Late last month I wrote about a napkin I was embroidering with a rather wonky Kelly Fletcher monogram. Well, it got finished, wonkiness and all, and in time will no doubt be used and get stained with tomato soup or something; some people say that’s a shame, and it’s far too nice to be used (like the tea towel I embroidered recently), but the alternative is to put them in a drawer and forget about them, so I’m in the “use it” camp.
That, however, was not what I meant to write about today. The fact is that I enjoyed stitching that napkin, and it gave me an idea for a small Christmas present for a friendly couple. The wife is a fellow stitcher (she also quilts) and often presents us with a stitched present at our annual pre-Christmas dinner, and in return so far I’ve been rather unimaginatively sticking with cards. Well, what about Christmas napkins? I drew a simple holly wreath and the plan is to stitch a napkin each, with their initial in the holly wreath.
For this I needed two things: more napkins, and a plan on how to stitch the holly leaves. The napkin I had in my stash was one made of a cotton/linen mix, and was bought from The Clever Baggers. Unfortunately their postage is rather high for small orders (the original napkin had hitched along with a larger order of cotton bags), so I looked elsewhere. I found a modestly-priced pack of eight napkins, slightly smaller than the CB one and 100% cotton.
A quick comparison with my first napkin showed that they are quite different: the cotton/linen napkin is softer and has a more open weave, while the cotton napkins are much more densely woven. The latter is perhaps not a bad thing for surface embroidery where you can’t use a backing fabric, as it makes it less likely that any threads carried at the back will show at the front.
One thing to bear in mind when buying napkins (or any fabric really), especially when they arrive folded up in a pack like these ones did, is that they may well need ironing before you can use them. These had obviously been in their pack for quite some time; they were so creased that I decided to wash them first, and iron them while still damp. While ironing the first one I had to iron some parts of it so much that I managed to scorch it slightly (just about visible in the picture), and even then the creases were still very much in evidence. The only thing to do was to find the smoothest corners on the two least creased ones and use those. Oh, and by the way, how did a cat hair make its way onto the new napkins already!?!?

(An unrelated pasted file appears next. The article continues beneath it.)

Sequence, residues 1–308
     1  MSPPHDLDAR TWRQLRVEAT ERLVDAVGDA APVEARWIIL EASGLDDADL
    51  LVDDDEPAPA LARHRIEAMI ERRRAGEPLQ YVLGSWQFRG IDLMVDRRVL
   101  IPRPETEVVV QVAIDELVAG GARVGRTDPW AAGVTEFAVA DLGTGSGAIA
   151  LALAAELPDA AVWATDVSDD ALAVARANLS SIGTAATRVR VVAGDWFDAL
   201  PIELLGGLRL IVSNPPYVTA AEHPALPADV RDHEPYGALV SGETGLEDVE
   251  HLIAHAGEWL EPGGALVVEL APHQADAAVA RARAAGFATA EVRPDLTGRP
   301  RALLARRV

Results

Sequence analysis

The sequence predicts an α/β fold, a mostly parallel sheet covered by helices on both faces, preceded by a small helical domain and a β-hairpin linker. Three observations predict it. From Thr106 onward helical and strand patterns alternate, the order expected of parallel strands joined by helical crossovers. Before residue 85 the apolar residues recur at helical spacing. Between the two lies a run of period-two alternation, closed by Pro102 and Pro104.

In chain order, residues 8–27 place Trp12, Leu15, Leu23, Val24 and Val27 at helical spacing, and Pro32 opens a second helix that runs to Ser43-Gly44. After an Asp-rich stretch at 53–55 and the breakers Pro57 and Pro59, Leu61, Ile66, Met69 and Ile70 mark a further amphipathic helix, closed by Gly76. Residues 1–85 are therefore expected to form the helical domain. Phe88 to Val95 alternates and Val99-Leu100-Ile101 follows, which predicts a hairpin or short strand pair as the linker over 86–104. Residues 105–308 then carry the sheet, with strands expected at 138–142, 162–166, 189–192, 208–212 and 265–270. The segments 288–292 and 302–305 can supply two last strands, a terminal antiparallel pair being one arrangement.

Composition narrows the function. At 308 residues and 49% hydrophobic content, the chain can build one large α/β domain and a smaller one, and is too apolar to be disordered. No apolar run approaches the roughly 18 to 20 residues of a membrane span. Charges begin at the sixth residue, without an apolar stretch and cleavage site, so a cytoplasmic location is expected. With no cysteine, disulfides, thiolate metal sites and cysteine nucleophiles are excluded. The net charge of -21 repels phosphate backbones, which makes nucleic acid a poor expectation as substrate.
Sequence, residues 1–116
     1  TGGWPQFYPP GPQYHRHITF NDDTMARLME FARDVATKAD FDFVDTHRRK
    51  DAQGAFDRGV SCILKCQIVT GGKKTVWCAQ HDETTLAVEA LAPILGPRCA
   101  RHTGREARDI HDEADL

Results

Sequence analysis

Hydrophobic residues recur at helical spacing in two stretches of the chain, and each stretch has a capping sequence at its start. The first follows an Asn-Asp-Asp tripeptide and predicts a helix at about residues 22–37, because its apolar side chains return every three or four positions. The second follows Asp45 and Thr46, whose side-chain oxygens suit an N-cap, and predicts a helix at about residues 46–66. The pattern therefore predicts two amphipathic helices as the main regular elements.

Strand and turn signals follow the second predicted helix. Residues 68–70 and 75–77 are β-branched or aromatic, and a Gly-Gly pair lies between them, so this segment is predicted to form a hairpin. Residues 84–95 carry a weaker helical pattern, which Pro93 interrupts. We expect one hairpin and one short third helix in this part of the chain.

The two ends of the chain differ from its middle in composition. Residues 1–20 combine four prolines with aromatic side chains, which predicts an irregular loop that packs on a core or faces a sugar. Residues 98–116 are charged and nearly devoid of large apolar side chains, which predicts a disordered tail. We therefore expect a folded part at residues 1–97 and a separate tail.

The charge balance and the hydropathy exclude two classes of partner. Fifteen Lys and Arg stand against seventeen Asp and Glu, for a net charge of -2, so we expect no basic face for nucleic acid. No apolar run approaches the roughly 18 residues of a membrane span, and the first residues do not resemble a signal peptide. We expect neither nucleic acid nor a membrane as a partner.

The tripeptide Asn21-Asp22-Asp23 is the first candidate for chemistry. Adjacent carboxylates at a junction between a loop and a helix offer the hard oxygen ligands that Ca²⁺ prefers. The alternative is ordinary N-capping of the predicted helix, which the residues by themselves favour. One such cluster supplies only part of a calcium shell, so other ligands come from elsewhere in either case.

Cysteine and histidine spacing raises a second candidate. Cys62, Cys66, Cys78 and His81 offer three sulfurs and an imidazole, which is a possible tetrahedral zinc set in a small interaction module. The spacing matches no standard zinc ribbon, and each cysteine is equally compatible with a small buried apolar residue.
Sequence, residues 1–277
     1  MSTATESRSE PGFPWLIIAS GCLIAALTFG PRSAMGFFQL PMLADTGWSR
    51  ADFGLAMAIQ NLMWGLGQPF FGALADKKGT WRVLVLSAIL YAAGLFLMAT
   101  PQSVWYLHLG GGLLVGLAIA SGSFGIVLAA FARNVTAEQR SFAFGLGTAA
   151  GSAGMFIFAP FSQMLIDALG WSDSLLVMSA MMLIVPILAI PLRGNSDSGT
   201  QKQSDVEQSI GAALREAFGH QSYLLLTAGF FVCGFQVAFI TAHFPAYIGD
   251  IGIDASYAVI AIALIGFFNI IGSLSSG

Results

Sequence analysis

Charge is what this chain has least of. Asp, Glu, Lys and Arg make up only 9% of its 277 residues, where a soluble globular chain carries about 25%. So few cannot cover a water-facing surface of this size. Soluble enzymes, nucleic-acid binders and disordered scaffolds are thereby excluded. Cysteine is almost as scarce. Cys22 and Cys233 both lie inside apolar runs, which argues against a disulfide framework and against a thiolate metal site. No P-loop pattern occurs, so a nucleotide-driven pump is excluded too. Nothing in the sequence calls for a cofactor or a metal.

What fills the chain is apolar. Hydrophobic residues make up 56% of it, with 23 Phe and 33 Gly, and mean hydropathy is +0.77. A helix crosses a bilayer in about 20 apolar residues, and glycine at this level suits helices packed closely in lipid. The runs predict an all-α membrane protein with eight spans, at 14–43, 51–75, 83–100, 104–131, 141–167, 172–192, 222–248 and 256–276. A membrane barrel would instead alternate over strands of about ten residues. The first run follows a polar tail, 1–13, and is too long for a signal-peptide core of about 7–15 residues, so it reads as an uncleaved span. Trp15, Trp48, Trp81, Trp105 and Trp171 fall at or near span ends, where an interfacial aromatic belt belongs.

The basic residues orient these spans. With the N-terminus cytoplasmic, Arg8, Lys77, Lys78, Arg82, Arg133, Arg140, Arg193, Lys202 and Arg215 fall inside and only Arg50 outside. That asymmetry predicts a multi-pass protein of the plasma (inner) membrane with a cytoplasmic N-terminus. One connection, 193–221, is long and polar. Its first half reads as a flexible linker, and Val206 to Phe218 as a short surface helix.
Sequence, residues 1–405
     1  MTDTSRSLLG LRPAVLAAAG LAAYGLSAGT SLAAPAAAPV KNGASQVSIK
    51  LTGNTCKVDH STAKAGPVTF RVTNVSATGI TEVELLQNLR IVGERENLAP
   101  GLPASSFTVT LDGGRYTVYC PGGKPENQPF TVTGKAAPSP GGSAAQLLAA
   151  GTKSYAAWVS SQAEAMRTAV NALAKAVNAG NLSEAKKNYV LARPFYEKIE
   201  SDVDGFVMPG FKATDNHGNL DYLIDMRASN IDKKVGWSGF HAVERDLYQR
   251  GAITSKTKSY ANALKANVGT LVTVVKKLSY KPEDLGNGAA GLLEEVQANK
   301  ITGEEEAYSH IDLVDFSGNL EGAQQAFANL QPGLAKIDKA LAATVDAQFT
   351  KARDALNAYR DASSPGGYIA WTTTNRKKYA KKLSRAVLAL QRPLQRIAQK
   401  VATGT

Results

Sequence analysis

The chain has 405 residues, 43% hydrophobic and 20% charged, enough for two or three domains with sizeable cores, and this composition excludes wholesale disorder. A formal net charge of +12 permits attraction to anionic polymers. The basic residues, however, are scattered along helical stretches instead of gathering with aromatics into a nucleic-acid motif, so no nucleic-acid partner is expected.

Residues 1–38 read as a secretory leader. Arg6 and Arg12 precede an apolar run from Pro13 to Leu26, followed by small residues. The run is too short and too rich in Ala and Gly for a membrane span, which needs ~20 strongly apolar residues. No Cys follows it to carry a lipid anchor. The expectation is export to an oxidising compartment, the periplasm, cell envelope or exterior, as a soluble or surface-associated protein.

On to the holly. I wanted to keep the wreath quite plain, although I did draw a slightly denser one with a double ring of holly leaves as well, but that won’t get used this time.
But with either design, the important decision is how to stitch the holly leaves. Solidly filled? Outlined? If the former, satin stitch, long & short, fly, fishbone? If the latter, backstitch (whipped or plain), split stitch, running stitch? Or even fly stitch as well? Having used fishbone stitch on the leaves in the Kelly Fletcher napkin, I rather liked that idea, but I had to see whether I could make it work for the spiky holly shape. Roll on a doodle cloth, on which I stitched two fishbone holly leaves (the second a bit less successfully spiky than the first), one using fly stitch as a filling and one-and-a-half using fly stitch as an outline, with the holding stitches forming the spikes.
All in all I like the fishbone look best, and the back is quite neat too. The fly stitch outline I’ll keep in mind for the denser holly wreath, where it could be used alternatingly with fishbone stitch so that it wouldn’t get too dense. Now to decide how to stitch the initials – it shouldn’t be too solid (or it would overpower the wreath), but not too wispy either (or it would get overwhelmed itself). An outline in whipped chain stitch seemed to fit the bill best; a red initial for her and a green one for him, both whipped in golden yellow. Unfortunately the coton à broder #16 I wanted to use comes in a fairly limited range, and nothing from DMC’s golden yellow range is available in that thickness, so I resorted to the thinner #25 for the whipping. It works quite well!
Should you like to try these holly wreaths for yourself, you can now find them on the Freebies page; the PDF contains notes about stitches and threads, and both wreath in two sizes. Enjoy !